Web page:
Donations Laws Don't Create A Level Playing Field

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The NSW government’s donations reforms have not excited much public comment since being passed into law in February 2012. At a cursory glance they seem quite reasonable – organisations (such as corporations, unions, or other non-government actors) can no longer financially back political parties.

Justin Field’s recent article for New Matilda took Unions NSW to task for daring to challenge the reforms in the High Court. He argues that a successful challenge would be disastrous for grassroots campaigns. As an ex-staffer for the Greens MLC who first publicly backed the changes, he would appear to know what he is talking about. After all, Premier Barry O'Farrell defended the move as a clean up of NSW politics:

"The reforms are based on a very clear principle — only those entitled to a vote at an election should be allowed to decide whether or not to make political donations. Corporations, unions and other third-party organisations are not entitled to a vote and shouldn’t be allowed to influence the system."

This is a laudable sentiment, but in truth these laws are all about making it harder for the labour movement to engage with parliamentary politics, while leaving the door open for the natural constituency of the conservatives to keep the cash rolling in.

The reform rests upon a view that unions and corporations are equal players, and should be treated equally. But they aren’t equal. They aren’t the same. Unions are made up of, and sustained by, working people. Corporations are controlled by, and exist to benefit, the top 1 per cent.

As an example, the Financial Services Union (FSU) is an organisation of modestly paid white collar workers. Does anyone really think it is the equivalent of billion dollar enterprises like the ANZ? If the FSU had anything like the power of the major banks then bank tellers would be far better paid, and bank executives' remuneration packages would be less obscene.

Around one million Australians are members of a union. The labour movement remains the biggest social movement in the country. Its power comes from what pressure it can bring to bear upon employers and governments through collective action, and through collective pooling of resources to participate in the political process. In NSW the government is doing its best to shut down that site of opposition.

But it’s not all bad news is it? Surely the capping of individual donations to only $5000 is a step forward? Not really. I am reminded here of the great novelist Anatole France, who said:

“The law, in its majestic equality, forbids the rich as well as the poor to sleep under bridges, to beg in the streets, and to steal bread.”

Similarly now in NSW we are all free, rich and poor alike, to donate up to $5000 to the party of our choice.

You can see the problem. Passing the hat around after a union meeting will get a different return to passing the hat around after a meeting of the NSW Bar Association. The net cash result of 50 hospital cleaners digging deep to back an ALP or Greens candidate will be less than 50 business people looking to support the conservative candidate of their choice.

Historically, working people have pooled our resources through our community organisations to counteract the deep pockets of the 1 per cent. And for over a century it has been the trade union movement that has primarily performed this role. We are political organisations as well as industrial ones, and the O’Farrell government knows this only too well.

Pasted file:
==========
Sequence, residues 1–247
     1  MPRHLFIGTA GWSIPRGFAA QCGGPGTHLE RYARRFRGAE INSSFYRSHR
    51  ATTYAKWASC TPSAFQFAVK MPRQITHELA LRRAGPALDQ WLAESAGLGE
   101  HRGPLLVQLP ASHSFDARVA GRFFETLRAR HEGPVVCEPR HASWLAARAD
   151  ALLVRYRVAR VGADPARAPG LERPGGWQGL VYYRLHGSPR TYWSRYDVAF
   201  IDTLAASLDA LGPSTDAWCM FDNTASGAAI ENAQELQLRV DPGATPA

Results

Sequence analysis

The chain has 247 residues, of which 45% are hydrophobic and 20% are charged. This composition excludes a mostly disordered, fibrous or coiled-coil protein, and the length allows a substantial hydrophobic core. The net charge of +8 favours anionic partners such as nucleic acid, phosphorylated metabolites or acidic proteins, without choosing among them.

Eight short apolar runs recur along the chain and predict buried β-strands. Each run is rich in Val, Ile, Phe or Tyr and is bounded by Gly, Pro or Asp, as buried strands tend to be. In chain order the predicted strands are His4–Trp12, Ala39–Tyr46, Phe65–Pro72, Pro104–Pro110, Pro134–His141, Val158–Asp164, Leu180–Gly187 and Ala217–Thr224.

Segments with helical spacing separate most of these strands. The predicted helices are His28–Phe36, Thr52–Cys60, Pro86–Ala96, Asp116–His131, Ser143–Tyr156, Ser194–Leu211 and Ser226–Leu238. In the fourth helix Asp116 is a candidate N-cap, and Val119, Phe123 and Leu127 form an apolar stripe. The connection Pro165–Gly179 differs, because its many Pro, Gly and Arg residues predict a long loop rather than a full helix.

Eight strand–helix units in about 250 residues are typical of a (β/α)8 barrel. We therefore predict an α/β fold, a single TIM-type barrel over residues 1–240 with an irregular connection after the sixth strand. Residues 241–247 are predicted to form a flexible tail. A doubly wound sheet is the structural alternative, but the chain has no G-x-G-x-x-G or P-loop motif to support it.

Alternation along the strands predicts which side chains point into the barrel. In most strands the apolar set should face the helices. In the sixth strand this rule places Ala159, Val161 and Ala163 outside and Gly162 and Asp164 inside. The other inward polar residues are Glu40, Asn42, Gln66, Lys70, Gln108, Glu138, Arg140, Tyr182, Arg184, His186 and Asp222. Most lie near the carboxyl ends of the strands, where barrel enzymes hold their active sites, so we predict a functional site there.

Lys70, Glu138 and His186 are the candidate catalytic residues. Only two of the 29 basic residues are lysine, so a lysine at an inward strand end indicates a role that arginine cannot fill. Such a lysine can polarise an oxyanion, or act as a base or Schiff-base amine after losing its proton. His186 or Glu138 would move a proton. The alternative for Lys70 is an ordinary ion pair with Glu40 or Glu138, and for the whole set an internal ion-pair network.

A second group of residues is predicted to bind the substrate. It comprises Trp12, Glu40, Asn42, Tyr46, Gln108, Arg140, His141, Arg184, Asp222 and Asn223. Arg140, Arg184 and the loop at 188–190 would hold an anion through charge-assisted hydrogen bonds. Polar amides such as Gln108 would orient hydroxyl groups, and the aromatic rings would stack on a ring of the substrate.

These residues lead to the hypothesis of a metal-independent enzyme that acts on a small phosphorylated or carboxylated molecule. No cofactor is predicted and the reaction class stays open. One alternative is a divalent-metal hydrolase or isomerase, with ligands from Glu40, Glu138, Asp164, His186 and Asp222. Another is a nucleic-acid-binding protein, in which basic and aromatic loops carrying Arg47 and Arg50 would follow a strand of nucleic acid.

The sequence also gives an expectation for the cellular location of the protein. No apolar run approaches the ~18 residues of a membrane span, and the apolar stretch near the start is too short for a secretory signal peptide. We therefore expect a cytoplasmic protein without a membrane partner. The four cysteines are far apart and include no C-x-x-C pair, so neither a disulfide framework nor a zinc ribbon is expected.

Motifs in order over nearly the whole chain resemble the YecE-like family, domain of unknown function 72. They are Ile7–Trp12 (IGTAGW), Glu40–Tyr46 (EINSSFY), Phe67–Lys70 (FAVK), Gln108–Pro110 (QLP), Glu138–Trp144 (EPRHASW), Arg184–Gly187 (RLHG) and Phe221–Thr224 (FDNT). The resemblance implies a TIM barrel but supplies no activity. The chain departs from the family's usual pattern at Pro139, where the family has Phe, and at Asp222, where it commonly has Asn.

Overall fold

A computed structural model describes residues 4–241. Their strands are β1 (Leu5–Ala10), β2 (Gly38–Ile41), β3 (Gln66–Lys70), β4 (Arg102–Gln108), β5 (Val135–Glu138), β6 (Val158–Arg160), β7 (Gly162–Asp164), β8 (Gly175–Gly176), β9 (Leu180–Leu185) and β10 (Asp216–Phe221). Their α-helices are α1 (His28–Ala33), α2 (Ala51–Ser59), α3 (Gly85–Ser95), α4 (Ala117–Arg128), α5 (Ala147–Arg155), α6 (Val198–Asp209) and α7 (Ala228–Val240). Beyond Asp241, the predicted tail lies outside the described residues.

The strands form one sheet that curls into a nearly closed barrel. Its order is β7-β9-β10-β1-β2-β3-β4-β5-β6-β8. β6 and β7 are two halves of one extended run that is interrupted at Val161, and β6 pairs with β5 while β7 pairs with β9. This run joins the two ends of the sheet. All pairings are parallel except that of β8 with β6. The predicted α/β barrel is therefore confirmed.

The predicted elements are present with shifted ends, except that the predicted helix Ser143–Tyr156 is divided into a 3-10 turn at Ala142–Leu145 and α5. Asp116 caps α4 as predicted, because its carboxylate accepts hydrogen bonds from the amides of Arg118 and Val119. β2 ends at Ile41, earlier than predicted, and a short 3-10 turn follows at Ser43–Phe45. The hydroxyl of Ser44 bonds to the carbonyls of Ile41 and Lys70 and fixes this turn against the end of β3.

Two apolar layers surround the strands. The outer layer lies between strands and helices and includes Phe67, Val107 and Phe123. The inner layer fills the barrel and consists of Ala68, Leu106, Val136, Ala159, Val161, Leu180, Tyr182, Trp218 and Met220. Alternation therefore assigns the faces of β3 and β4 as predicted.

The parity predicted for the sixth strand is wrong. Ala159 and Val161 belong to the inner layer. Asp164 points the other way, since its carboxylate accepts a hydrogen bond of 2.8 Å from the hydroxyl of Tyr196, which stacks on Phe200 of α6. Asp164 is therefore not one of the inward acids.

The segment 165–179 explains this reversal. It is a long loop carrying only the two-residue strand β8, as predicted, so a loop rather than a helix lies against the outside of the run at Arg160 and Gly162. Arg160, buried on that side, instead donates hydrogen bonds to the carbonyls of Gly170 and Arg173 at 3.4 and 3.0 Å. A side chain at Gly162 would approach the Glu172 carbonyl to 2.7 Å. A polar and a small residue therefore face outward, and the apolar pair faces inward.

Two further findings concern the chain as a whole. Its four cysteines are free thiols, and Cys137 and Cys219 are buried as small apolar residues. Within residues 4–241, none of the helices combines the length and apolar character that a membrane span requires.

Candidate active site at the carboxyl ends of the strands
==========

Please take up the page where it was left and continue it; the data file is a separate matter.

Which is why they did it. This isn’t about cleaning up politics. It’s about cutting off the financial support for their political opponents, but leaving the door open for their natural constituency to keep the money rolling in. And that is why it was a serious error for the NSW Greens to support it.

There are some in the Greens who see this as a good thing; it will break the union movement’s intimate financial links to the ALP. I would like to see our unions more independent of the Labor Party. I am a part of building such a movement. I lead a union that disaffiliated from the ALP for precisely that reason. But allowing the conservatives to try to legislate away such a link will not destroy it.

The only way genuinely progressive parties like the Greens will be able to break that link is by being a part of the union movement, learning from and assisting that movement, and winning the political and financial support of that movement.

I am the State Secretary of the Fire Brigade Employees’ Union. I am also a proud member of the Greens. My union supports this High Court challenge because the O’Farrell electoral laws are, once you get past the spin, nothing more than an attempt to cripple the government’s political opponents.

The Greens' position on electoral reform is a good one. It is one of the reasons I am a member of the party. But the O’Farrell laws are a poor shade of our policy. Rather than introduce a genuine level playing field they make sure that the Liberal party's support base can continue to feed the party coffers. It was a serious error, and — I would argue — inconsistent with what the Greens are really about.

Justin Field argues that social change comes from mobilising people against the financial resources of governments and industry. I agree, and am proud to lead an organisation that does precisely that. But part of that struggle occurs in the electoral sphere. While we make our history in the street and the workplace, legislation entrenches and defends those wins. Unfortunately on this issue, Field has got it wrong. My party made a mistake in backing these reforms, and Field compounds that mistake by trying to defend it.

New Matilda

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